While this won't "protect" you per se, you won't be tricked into opening an attachment described as a photo or movie, that is really something else. It's a con job. A Virus may use your friend's infected computer to lure you and trick you, if you're not aware of this. 

An EXE or COM or VBS or PIF or SCR (screensaver) or SHS file is dangerous to open, especially as an email attachment. 

I received an anonymous email with the "tempting" line "Check out pictures of my Party".  The attachment was called "MyParty.Yahoo.Com" which to a casual observer looked like a link to a web site, but Website Links end in .URL. This was a COM file -- a program -- just like Format.COM or "ScrewUpMyComputer.COM". 

A Word DOC file (or Excel XLS) spreadsheet could contain a Macro Virus, like "I Love You" of past years.  If I had to open an unknown DOC file, I would open it in Wordpad, which cannot run scripts or Macros. 
A ZIP file can opened if you have Winzip installed. It will probably only contain baby photos from your cousin, but you need only to pay attention to what is inside it, and learn about potential viruses so you can decide before you launch the contents. See previous Overview page for a list of "safe" file types.  Also, you might keep it until you call your cousin and verify she sent it, if you are suspicious of it.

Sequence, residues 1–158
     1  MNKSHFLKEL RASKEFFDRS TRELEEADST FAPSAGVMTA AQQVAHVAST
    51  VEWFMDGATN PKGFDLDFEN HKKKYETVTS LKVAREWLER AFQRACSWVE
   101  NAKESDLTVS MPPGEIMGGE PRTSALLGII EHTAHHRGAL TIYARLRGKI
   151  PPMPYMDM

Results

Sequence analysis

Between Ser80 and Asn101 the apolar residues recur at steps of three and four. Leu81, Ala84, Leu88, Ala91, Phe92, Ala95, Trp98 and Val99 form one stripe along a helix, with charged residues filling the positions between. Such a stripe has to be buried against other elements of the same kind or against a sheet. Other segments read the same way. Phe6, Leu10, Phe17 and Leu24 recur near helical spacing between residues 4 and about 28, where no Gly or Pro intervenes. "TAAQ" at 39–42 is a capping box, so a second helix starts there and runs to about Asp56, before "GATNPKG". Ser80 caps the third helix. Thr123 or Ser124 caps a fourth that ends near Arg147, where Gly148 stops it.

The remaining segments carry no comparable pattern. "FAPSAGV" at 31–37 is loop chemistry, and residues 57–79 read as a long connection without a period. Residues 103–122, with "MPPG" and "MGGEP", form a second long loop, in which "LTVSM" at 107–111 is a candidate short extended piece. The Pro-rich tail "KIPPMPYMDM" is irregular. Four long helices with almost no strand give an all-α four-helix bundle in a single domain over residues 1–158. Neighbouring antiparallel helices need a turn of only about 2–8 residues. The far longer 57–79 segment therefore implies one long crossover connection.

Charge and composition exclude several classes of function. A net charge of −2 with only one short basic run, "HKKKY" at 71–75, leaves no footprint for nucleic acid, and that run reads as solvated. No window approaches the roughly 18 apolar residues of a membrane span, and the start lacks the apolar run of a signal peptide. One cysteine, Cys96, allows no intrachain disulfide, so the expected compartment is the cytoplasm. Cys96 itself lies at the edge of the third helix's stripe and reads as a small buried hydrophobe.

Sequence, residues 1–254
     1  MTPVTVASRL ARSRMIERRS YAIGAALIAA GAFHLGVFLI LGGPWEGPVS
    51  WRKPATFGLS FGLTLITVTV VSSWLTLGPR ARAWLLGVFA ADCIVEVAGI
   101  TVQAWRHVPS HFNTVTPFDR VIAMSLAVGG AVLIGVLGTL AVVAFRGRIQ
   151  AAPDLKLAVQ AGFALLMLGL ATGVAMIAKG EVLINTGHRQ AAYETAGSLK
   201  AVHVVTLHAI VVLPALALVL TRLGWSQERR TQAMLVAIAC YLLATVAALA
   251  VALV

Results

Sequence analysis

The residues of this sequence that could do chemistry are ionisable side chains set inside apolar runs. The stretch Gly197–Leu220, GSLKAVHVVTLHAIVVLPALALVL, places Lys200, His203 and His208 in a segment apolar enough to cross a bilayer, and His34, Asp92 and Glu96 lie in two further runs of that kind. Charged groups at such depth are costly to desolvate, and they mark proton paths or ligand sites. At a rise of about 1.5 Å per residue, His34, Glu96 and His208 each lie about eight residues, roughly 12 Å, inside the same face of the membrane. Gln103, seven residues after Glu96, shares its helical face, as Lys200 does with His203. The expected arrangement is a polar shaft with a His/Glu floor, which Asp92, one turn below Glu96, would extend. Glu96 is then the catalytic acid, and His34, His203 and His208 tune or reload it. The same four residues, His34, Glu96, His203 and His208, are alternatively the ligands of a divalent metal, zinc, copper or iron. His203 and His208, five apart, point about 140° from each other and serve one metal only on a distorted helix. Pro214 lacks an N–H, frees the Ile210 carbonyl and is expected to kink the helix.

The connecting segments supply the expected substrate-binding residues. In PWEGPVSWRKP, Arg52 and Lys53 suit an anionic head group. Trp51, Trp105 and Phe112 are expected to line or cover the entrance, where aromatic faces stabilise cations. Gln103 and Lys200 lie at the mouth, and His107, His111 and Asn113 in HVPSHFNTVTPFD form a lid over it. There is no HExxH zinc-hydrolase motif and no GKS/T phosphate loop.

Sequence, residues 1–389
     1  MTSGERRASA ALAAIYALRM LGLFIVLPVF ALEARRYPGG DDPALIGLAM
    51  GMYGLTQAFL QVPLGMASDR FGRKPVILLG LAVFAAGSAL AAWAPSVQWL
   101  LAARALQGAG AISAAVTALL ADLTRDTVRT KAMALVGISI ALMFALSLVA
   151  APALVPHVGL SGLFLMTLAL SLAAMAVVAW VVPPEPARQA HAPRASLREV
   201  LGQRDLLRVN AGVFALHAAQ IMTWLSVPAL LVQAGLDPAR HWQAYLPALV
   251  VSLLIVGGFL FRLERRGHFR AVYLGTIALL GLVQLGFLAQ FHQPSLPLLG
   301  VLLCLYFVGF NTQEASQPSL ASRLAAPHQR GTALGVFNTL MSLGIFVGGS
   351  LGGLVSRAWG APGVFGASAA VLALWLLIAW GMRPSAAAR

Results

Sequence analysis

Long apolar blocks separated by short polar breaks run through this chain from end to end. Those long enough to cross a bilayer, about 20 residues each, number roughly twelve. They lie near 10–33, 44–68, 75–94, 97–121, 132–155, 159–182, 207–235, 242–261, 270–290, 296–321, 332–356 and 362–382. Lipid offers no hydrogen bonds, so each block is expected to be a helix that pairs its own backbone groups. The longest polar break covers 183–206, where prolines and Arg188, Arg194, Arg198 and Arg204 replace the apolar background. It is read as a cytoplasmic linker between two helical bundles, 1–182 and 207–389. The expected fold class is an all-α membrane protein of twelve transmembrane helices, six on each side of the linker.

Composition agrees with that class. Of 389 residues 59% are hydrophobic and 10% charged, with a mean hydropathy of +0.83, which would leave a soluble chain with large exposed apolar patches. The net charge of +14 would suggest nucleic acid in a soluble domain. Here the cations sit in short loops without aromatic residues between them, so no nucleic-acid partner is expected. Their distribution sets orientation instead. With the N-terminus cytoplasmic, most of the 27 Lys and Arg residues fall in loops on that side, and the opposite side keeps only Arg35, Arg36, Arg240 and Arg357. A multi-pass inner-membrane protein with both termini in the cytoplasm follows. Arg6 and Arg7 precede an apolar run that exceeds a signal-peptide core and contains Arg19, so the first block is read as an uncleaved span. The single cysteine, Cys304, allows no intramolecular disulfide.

You do not have to be afraid to detach or open most attachments like a JPG or GIF picture, so long as you notice what type of file it really is, by the unhidden extension.  You do NOT have to be afraid to open an email message from someone you don't know, but you DO need to pay attention when opening an attachment from anyone, whether you know them or not!!

When you UNcheck that setting (that hides important information from YOU), then at least you can SEE whether it is really a safe file
or something dangerous like "SexyPhoto.JPG.VBS" (since the .VBS won't be hidden anymore),
and then choose whether to open it or not.